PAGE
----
SOCHI, Russia -- The experiment won't last unless Jeff Carter does what he really does well: Shoot!
Team Canada coach Mike Babcock joked -- well, we think he was joking -- that if Carter keeps passing up shots to dish it back to Sidney Crosby, as occurred a few times Monday in practice, the coach might rethink that top line.
"If he's passing it back to Sid, he's not playing with him," Babcock deadpanned at his first news conference of the Olympics.
Team Canada's first on-ice practice of the 2014 Olympics -- and this time they weren't in running shoes playing ball hockey like last August in Calgary -- revealed some early thoughts from the coaching staff, including this: Carter could possibly play on the right side of Crosby on the top line with, of course, Chris Kunitz on the left.
The thought is that Carter possesses a lethal shot and could fit as a shot-maker with the Penguins' duo.
It's the spot one assumes Steven Stamkos would have occupied until he was forced to withdraw.
And like Stamkos, Carter is a right-handed scorer. Hence, he's the most natural option.
So for now, Carter gets the first crack at being the missing piece to the puzzle with Crosby and Kunitz.
"It's obviously exciting," Carter said after Monday night's practice. "They're two great players. We have a lot of chemistry together. We'll see what happens come the first game, but it'd be great to play with them."
What a four-year turnaround for Carter, who on the eve of the 2010 Games flew all the way to Vancouver in case Ryan Getzlaf was unable to play.
As it turned out, Getzlaf was OK and Carter collected air miles but not an Olympic experience.
Four years later, he wasn't the most popular or unanimous choice to make the team among fans and media, but now he has first-line duty and a very important assignment.
Finding linemates who jelled with Crosby proved to be a difficult, almost elusive, chore four years ago. The Penguins superstar played with a number of different wingers in Vancouver throughout the tournament before scoring the golden goal in the gold-medal game to win it all.
The chemistry experiment is an important one for Team Canada to get right early.
"I think whoever plays with him just has to keep it simple," Carter said of playing with No. 87. "Obviously, Sid kind of runs it; he gets the puck and he makes the plays. You get the puck on your stick, you've got to shoot it because he's going to put you in the right opportunities."
Team Canada's captain knows what he's been given with Carter on his right wing.
"I think the things that stick out are his speed and his shot," Crosby said. "I don't think you have to tell him anything other than just, 'Shoot it.' He's going to get open and he's going to be able to create things with his speed. We'll talk and communicate and figure things out as we go along, but I think anybody that you play with on this team, you're going to have some skill."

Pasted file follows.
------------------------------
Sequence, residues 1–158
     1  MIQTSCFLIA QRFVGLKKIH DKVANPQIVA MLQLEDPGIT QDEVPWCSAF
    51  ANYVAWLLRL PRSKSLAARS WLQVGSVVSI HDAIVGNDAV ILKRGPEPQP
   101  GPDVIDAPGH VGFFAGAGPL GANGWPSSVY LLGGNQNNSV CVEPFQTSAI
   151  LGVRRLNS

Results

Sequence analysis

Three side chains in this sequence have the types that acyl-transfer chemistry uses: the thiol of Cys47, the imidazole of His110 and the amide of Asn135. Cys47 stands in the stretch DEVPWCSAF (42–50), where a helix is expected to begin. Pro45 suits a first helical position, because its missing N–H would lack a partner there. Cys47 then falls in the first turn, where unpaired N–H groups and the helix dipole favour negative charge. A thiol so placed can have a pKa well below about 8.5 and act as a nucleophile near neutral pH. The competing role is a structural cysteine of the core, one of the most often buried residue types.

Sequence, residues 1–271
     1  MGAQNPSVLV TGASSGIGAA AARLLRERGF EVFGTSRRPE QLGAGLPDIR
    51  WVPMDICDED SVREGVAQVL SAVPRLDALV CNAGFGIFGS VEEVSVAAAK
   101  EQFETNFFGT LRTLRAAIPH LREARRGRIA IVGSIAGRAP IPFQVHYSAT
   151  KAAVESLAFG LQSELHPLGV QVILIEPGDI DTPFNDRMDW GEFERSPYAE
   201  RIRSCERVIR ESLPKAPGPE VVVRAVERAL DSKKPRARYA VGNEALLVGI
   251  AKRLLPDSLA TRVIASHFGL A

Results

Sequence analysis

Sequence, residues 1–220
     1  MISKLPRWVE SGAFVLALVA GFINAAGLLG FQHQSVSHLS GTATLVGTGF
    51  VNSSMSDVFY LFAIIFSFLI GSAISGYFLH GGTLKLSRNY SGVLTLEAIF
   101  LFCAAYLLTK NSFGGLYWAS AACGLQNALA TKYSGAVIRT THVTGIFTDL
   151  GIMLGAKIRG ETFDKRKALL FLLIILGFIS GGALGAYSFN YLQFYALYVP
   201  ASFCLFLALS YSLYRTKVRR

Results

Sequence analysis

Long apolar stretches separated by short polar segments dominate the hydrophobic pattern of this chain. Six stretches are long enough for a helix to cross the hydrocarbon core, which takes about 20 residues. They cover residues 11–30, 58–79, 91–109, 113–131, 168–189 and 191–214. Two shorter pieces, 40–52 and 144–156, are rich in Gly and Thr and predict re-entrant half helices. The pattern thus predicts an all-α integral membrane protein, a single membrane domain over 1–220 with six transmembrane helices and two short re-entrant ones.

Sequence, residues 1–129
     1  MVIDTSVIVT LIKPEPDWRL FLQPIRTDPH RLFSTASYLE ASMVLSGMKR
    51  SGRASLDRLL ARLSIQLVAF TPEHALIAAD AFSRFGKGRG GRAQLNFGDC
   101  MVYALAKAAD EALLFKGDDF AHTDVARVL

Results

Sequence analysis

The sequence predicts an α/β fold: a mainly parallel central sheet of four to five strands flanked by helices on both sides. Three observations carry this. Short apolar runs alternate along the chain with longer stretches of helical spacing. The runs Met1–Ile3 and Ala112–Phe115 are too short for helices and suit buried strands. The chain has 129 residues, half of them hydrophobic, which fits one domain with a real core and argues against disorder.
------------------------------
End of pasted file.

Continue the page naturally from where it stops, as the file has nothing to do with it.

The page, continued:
The rest of the forward lines Monday:
Team Canada assistant coach Ken Hitchcock was quick to stress that the coaches may experiment with a few lines over the next two days ahead of Canada's opener with Norway on Thursday.
So there's nothing written in stone. And if we learned anything from Babcock in Vancouver 2010, it's that his opening-line combinations didn't last long in any given game, and he was quick to put his line formations into the blender throughout the tournament until he found forward pairings that he felt worked well.
The top forward pairing from 2010 is back together, and that's no surprise. Toews and Nash were a dominant two-way force in Vancouver, and the addition of Sharp -- Toews' off-and-on linemate in Chicago -- is a no-brainer.
Marleau as an early look with his Ducks rivals Getzlaf and Perry is certainly interesting.
"Well, we certainly see enough of each other during the season," quipped the veteran Sharks winger.
Again, though, assume that Babcock and his staff will massage these lines as the tournament progresses, along with the overall lineup.
The player who doesn't dress in the opening game may end up having a bigger role later on.
Babcock is fond of telling the story from 2010, when he told Mike Richards before the tournament that he'd be the 13th forward. Richards reacted by laughing, as if to say to the coach: Yeah, right, we'll see about that.
And that's exactly what may happen again in this tournament. Roles will evolve in both directions.
This message was relayed to all the players, especially to Martin St. Louis last week after he was added to the team to replace Stamkos.
"When I talked to St. Louis in Tampa, I indicated to him he's one of 14 forwards, that he has to grab his piece," Babcock said. "That's the same for everybody. We're going to watch what happens; we're going to evaluate each and every game.
"Some people start in better situations than others. I brought my book with me from last Olympics. Actually, I was showing Claude [Julien] today, some guy started on the first line on right wing and ended up not being in the mix; another guy started not in the mix and ended up being very important. It's a big tournament, it's a competitive environment; we expect our guys to compete for their ice time."
As always, Canada's luxurious depth of talent acts as a difficult puzzle to decipher: so many different options and yet a limited amount of time to find the right matches and create chemistry among high-end players, some of whom don't know each other that well.
If Team Canada is to become the first repeat champion in the history of the NHL-fuelled Olympics (since 1998), figuring out that jigsaw as early as possible will be paramount.
Add to that Canada's unnatural existence on the larger international ice surface, and what it cannot afford is to wait too long to find the right pieces that fit together up front.